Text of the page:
Babies Born During Pandemic Have Lower Developmental Scores: Study

By Isabel van Brugen
Isabel van Brugen
Isabel van Brugen
Isabel van Brugen is an award-winning journalist. She holds a master's in newspaper journalism from City, University of London.
January 6, 2022Updated: January 6, 2022

Babies who were born during the first year of the COVID-19 pandemic had lower developmental scores compared to pre-pandemic babies, a study suggests.

According to research published on Jan. 4 in JAMA Pediatrics, COVID-19 infection during pregnancy doesn’t appear to affect an infant’s brain function, but the pandemic itself may be having an effect.

A group of researchers in New York studied 255 infants born between March and December 2020, including 114 whose mothers had COVID-19 during pregnancy. It found that some of those infants born during the pandemic have experienced slight developmental delays.

Overall, compared with 62 infants born before the pandemic, the babies born during the health crisis displayed slightly lower scores on tasks involving large muscles, tasks requiring small muscle movements, and personal interactions.

“Both exposed and unexposed infants born during that period had significantly lower scores on gross motor, fine motor, and personal-social subdomains compared with a historical cohort of infants born before the onset of the COVID-19 pandemic,” the study reads.

Dr. Dani Dumitriu of Columbia University and the New York State Psychiatric Institute stated that the findings suggest that stress felt by pregnant mothers during the pandemic may have had an effect on infant development.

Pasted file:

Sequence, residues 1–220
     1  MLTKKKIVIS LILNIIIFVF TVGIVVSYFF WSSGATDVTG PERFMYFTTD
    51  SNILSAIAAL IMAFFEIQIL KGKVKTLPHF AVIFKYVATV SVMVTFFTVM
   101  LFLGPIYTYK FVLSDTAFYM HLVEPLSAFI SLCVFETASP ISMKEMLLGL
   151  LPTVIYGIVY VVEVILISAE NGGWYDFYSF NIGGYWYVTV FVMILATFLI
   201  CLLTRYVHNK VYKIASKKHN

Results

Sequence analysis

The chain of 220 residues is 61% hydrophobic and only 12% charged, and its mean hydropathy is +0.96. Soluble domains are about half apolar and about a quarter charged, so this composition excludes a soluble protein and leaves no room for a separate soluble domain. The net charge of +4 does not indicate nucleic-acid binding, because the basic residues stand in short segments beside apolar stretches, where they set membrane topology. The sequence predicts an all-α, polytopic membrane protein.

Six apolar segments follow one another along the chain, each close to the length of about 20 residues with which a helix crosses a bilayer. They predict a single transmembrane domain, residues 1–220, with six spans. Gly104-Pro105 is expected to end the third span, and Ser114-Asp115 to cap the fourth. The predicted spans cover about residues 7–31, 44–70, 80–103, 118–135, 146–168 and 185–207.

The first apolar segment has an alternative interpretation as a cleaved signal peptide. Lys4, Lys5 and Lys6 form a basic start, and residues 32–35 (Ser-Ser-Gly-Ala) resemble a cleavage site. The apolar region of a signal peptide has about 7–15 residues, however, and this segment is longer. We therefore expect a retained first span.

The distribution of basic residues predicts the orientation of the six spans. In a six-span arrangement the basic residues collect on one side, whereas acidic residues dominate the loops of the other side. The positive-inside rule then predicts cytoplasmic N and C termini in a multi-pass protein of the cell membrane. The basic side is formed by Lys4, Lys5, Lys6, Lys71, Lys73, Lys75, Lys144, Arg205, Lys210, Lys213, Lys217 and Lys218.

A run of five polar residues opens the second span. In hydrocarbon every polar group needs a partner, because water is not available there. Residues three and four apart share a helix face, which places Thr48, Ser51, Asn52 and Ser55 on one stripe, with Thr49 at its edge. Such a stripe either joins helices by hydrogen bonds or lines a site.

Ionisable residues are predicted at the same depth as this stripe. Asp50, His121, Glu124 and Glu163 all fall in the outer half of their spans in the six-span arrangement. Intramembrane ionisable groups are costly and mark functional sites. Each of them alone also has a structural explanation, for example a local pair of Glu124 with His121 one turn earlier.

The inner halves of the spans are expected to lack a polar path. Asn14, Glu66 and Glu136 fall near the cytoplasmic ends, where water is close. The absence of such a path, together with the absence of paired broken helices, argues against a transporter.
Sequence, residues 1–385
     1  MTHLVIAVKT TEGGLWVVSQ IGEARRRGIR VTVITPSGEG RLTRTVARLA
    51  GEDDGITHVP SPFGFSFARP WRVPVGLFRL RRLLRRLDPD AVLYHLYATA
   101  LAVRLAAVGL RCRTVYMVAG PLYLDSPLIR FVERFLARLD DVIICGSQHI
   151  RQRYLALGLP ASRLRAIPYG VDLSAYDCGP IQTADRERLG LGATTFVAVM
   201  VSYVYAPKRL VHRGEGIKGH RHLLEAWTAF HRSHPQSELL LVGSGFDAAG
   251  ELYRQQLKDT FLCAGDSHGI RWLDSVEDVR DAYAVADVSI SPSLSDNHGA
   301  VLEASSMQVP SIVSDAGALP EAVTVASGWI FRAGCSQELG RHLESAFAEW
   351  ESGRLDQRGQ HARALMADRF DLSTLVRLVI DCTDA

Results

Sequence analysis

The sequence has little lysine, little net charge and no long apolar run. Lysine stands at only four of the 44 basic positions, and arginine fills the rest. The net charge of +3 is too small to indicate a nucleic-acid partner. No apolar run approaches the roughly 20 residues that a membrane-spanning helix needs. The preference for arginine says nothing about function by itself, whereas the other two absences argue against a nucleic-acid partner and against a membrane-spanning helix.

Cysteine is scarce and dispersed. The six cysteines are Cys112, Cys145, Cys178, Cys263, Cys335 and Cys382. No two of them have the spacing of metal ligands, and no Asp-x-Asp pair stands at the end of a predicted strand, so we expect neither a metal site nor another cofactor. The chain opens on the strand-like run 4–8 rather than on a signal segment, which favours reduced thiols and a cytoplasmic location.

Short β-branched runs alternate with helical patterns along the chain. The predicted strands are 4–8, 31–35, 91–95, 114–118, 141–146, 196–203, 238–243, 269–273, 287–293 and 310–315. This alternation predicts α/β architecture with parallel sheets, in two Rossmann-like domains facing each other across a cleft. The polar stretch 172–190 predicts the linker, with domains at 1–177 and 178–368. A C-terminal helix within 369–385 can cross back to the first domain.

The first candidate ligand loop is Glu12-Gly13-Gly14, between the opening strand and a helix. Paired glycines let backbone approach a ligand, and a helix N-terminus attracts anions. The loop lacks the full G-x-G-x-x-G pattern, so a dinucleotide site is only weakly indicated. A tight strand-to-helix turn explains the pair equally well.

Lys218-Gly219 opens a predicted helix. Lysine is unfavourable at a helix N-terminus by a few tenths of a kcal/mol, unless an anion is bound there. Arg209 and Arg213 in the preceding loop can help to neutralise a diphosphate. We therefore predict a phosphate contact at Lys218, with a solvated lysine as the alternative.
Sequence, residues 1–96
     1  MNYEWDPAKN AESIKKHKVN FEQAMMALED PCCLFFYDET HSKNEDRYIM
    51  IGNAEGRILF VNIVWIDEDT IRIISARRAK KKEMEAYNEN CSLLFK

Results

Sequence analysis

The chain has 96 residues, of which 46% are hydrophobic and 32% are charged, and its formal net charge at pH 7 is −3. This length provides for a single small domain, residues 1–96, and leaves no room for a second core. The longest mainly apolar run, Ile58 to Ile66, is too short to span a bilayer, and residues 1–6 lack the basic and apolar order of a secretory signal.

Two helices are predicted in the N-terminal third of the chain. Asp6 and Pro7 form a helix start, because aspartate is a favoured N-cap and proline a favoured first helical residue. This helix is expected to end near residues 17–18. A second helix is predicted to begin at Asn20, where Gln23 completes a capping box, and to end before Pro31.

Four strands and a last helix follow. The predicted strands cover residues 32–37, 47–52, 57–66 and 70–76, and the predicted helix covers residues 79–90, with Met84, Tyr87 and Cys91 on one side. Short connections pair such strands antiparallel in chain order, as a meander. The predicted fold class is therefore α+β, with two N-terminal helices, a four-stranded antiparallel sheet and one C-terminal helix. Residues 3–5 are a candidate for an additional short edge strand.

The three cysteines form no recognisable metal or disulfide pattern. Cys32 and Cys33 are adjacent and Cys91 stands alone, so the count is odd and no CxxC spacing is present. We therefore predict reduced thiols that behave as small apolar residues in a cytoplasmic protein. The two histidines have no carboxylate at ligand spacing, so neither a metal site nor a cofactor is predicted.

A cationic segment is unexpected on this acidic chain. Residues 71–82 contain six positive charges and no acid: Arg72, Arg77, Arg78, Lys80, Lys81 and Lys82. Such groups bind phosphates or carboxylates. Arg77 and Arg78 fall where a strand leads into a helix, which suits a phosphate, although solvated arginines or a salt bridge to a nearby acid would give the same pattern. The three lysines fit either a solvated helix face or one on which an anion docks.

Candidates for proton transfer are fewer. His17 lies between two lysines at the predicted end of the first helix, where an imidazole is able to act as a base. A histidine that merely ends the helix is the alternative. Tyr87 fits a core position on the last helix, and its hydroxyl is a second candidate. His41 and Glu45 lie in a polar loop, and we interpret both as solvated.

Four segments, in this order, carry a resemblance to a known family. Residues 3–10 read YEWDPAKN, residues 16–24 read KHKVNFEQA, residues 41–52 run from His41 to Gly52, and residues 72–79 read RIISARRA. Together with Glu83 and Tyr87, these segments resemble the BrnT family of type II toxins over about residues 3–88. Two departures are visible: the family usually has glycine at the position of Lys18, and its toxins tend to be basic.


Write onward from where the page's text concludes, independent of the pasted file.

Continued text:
“The developmental trajectory of an infant begins before birth. With potentially millions of infants who may have been exposed to COVID in utero, and even more mothers just living through the stress of the pandemic, there is a critical need to understand the neurodevelopmental effects of the pandemic on future generations.”

The findings don’t necessarily mean that these infants will suffer long-term consequences, Dumitriu said. Assessments at six months are poor predictors of long-term outcomes.

Infants whose mothers were in their first trimester at the height of the COVID-19 pandemic displayed the lowest neurodevelopment scores.

Dumitriu also suggested that fewer social interactions such as playdates during the pandemic may have played a role.

“These small shifts warrant careful attention because at the population level, they can have a significant public health impact. We know this from other pandemics and natural disasters.”

If additional research confirms that birth during the pandemic negatively affects neurodevelopment, “because this is such an early time point, there are lots of opportunities to intervene and get these babies onto the right developmental trajectory,” she said.

“These early findings support the need for long-term monitoring of children born during the COVID-19 pandemic,” the study reads.

Reuters contributed to this report.